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Eric Johnson pays heartfelt tribute to late amp-building icon Howard Alexander Dumble

Eric Johnson and Howard Alexander Dumble
(Image credit: Scott Dudelson/WireImage/Getty / Orianthi/Facebook)

Eric Johnson has paid tribute to the legendary guitar amp builder Howard Alexander Dumble, who passed away earlier this week.

In a lengthy statement posted to Facebook, the electric guitar icon spoke in detail of the close personal and professional relationship he shared with Dumble, likening it to the partnership of literary giants C.S. Lewis and J.R. Tolkein.

Calling him a “one of a kind”, Johnson praised Howard’s “wonderful passion for music and sound and guitar tone”, and spoke about the two Dumble amps – the Overdrive Special and Steel String Singer – that he used throughout this career.

Johnson began by recalling the first time he heard of Dumble, during a period in which he was being “groomed by Warner Bros” to make a record for them – a record that would turn out to be Tones.

It was during this experience that Johnson first met the amp builder, as he explains: “My friends Christopher Cross and Richard Mullen were jubilantly praising how wonderful Alexander Dumble’s amps were. They suggested that I meet him and procure an amp. 

“Alexander worked in a space over at the Abbey rehearsal studios and I have such fond memories of going over there and talking tone and inspirational visions of music,” he continued. “Alexander had a wonderful passion for music and sound and guitar tone.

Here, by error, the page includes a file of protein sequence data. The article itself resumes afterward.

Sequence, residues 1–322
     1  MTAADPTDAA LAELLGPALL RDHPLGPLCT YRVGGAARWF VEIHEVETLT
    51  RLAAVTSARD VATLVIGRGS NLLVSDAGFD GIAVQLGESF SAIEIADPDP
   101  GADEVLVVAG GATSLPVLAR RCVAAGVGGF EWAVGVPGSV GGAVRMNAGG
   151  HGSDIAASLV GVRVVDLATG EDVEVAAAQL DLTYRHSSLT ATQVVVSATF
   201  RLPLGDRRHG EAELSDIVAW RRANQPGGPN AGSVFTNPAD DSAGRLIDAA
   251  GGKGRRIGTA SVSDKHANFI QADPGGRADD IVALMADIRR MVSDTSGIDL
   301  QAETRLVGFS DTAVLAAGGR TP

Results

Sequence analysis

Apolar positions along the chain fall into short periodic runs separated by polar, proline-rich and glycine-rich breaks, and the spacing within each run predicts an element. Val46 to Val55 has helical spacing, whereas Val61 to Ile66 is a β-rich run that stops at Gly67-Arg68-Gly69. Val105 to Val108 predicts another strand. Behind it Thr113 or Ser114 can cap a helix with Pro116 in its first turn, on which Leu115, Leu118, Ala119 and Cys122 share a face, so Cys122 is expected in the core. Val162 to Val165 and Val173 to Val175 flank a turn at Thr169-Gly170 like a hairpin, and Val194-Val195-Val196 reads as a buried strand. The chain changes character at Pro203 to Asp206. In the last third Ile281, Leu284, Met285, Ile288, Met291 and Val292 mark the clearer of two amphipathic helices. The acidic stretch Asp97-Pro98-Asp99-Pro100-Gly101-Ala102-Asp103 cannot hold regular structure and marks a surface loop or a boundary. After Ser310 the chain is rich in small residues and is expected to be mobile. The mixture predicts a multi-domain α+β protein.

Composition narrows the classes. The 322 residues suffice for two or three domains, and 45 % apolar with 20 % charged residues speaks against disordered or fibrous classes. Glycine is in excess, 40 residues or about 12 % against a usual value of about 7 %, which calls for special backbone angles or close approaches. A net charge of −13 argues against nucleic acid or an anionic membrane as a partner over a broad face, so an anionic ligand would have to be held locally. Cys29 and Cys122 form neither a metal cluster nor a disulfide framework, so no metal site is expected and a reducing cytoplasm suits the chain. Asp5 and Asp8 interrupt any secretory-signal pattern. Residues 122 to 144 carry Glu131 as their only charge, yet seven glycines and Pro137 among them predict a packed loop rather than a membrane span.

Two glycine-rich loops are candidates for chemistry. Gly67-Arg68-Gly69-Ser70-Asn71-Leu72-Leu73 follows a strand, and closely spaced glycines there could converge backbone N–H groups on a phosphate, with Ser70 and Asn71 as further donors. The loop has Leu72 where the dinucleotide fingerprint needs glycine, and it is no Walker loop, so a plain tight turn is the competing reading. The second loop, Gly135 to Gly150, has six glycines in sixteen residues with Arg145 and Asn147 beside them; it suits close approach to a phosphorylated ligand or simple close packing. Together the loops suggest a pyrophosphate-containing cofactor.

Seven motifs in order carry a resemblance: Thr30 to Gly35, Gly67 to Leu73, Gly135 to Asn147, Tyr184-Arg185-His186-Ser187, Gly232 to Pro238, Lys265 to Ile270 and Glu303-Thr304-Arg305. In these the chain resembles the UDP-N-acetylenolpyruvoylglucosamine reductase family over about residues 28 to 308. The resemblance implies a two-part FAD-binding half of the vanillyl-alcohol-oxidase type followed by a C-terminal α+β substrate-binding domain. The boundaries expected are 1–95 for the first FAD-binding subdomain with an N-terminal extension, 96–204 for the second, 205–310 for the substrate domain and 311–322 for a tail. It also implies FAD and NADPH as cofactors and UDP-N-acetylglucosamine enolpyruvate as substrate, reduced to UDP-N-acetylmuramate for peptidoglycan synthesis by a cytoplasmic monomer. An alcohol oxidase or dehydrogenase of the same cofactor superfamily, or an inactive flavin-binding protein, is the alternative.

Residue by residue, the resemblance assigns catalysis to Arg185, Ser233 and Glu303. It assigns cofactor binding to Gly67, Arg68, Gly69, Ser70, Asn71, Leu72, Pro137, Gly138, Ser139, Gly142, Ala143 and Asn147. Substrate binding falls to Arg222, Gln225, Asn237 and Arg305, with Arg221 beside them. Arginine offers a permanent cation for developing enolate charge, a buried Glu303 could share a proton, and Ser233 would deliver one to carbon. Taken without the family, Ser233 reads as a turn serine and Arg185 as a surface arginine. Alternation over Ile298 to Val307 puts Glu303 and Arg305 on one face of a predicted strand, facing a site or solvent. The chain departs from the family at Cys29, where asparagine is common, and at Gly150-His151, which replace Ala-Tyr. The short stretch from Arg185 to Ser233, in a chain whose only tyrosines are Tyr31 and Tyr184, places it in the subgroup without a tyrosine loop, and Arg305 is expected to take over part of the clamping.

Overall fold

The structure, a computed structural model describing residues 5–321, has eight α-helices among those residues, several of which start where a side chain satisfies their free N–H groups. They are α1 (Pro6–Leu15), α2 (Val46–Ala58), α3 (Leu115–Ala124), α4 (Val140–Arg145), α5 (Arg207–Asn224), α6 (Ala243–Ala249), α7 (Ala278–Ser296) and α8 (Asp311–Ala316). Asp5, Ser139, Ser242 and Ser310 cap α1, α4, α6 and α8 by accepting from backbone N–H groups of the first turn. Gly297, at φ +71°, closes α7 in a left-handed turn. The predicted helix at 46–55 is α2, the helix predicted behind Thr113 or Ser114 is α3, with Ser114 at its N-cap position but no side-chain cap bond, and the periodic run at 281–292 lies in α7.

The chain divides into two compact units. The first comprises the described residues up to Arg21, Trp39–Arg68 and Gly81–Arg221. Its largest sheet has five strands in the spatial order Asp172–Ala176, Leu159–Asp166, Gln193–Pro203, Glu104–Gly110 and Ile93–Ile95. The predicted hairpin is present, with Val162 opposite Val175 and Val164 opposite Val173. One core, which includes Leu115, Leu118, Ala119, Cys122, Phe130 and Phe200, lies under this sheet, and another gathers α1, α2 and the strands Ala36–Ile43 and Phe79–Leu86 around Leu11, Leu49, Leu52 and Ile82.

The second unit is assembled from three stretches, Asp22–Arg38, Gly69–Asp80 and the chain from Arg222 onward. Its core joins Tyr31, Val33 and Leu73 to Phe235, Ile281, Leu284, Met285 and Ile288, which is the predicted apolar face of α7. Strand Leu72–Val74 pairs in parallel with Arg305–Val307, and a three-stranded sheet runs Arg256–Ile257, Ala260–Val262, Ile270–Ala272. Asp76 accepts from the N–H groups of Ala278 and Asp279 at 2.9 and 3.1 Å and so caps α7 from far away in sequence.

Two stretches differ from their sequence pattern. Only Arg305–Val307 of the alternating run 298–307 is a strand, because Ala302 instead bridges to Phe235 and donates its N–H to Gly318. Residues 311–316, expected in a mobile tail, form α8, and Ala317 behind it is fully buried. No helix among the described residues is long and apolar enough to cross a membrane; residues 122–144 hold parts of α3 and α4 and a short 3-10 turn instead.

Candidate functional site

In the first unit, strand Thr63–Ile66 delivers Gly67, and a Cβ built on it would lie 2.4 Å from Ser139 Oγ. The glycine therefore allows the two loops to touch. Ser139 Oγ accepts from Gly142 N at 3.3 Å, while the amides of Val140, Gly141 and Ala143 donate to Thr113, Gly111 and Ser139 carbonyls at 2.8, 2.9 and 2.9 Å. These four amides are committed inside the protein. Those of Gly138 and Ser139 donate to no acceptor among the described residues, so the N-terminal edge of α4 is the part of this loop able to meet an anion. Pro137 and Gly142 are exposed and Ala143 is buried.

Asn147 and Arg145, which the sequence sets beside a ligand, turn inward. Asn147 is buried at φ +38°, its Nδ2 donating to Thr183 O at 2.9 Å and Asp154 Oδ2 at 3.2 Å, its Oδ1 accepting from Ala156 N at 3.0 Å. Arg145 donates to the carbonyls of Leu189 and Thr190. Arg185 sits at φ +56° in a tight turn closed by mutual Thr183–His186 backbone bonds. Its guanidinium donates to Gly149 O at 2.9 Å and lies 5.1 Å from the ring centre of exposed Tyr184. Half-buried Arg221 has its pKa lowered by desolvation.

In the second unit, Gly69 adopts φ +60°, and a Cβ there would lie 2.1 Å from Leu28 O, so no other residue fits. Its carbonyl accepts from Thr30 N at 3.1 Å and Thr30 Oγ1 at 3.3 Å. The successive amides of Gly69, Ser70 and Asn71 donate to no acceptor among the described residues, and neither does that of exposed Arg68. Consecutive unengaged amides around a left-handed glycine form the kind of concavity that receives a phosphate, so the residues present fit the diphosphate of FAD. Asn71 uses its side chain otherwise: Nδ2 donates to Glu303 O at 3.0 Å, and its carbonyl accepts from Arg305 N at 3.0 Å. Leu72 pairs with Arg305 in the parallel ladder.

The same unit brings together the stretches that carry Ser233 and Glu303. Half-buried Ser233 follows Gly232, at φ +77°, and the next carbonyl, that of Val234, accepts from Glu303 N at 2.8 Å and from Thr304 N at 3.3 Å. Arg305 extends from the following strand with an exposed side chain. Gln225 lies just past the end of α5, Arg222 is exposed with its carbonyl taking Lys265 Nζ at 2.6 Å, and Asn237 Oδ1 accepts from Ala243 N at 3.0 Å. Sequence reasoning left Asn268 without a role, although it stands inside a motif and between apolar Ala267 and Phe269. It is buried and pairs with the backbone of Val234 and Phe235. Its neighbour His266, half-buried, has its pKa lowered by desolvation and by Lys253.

“I would always leave there so excited, kind of like when C.S. Lewis and J.R. Tolkien would get together and rev each other up to go be artistic on their own after their meeting and do their best work.”

“I was lucky and honored to be able to play an amp made by Alexander – actually, two amps. The song, Zap, on the record Tones, was recorded on an Overdrive Special and Roscoe Beck’s [Gibson ES-]335. The Steel String Singer that I eventually got from Alexander was such a magical amp, there’s been nothing quite like it since.” 

“I regret that I let go of it many years ago during a period when I was going through a traumatic time in my life suffering from loud exposure and thought that I would never, never want to be around or play through an amp of that caliber of wattage. 

“It was one of my shortcomings not to have the insight to put it in the closet and wait for another graceful day when I could have figured out a way to use it, baffling speaker cabinets or using lower efficiency speakers or simply turning the master volume down!”

Johnson concluded his heartfelt tribute by saying the world had “gained an extra jewel of ability and dimension by playing electric guitar through his masterpieces”, and that there will “never be another one like him”.

Johnson was joined by blues guitar ace Kenny Wayne Shepherd, who also took to social media to pay his respects to Dumble.

As well as praising his "deep well of technical knowledge", Shepherd also took the opportunity to say, "He had an especially kind heart and was a man of strong convictions and faith. 

"He inspired me both as a person and a player and he elevated my music with the amps he created for me," he added. "I will forever cherish our friendship and never forget his example."

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Matt is a News Writer, writing for Guitar World, Guitarist and Total Guitar. He has a Masters in the guitar, a degree in history, and has spent the last 16 years playing everything from blues and jazz to indie and pop. When he’s not combining his passion for writing and music during his day job, Matt records for a number of UK-based bands and songwriters as a session musician.